The physical principles involved in a frontal impact
Very large forces are generated during a collision; these forces have to be absorbed.
Fig. 167 Passengers of a vehicle which is headed for a brick wall. They are not using seat belts.
Fig. 168 The vehicle crashes against the wall
The physical principles involved in a frontal collision are relatively simple: Both the moving vehicle and the passengers possess energy, which is known as “kinetic energy” ⇒ fig. 167. The amount of “kinetic energy” depends on the speed of the vehicle and the weight of the vehicle and passengers. The higher the speed and the greater the weight, the more energy there is to be absorbed in an accident.
The most significant factor, however, is the speed of the vehicle. If the speed doubles from 25 km/h to 50 km/h, for example, the kinetic energy increases by a factor of four. Because these passengers are not restrained by seat belts, the entire amount of kinetic energy has to be absorbed at the point of impact ⇒ fig. 168. This would result in serious or potentially fatal injury.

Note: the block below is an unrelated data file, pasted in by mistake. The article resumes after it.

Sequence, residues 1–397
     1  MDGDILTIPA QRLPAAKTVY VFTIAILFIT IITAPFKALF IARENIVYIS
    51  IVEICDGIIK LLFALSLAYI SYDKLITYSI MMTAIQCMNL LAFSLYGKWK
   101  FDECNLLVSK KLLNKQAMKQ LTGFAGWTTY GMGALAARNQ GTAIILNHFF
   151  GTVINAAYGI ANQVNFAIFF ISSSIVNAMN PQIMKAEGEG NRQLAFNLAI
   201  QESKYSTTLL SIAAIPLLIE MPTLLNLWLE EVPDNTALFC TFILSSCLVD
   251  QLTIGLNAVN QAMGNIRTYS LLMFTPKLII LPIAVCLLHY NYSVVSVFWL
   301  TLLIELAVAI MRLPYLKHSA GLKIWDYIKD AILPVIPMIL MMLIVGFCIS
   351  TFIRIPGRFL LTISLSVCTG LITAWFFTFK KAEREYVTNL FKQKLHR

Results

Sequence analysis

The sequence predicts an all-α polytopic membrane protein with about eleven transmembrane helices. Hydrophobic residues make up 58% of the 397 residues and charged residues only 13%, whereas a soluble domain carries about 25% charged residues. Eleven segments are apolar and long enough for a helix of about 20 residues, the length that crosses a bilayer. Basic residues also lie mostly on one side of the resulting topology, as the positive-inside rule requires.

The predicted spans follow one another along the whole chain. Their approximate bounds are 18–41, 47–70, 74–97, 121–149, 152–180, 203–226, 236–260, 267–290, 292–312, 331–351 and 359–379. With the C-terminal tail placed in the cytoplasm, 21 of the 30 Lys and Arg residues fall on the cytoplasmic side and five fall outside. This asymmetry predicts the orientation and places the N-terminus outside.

Even at urban speeds of 30 km/h to 50 km/h, the forces acting on the occupants in a collision can reach the equivalent of 1 ton (1000 kg) or more. At greater speed these forces are even higher. A rule of thumb: if the speed doubles, the forces increase by a factor of four.
Passengers who do not wear seat belts are not “attached” to the vehicle. In a frontal collision they will continue to move forward at the speed their car was travelling just before the impact.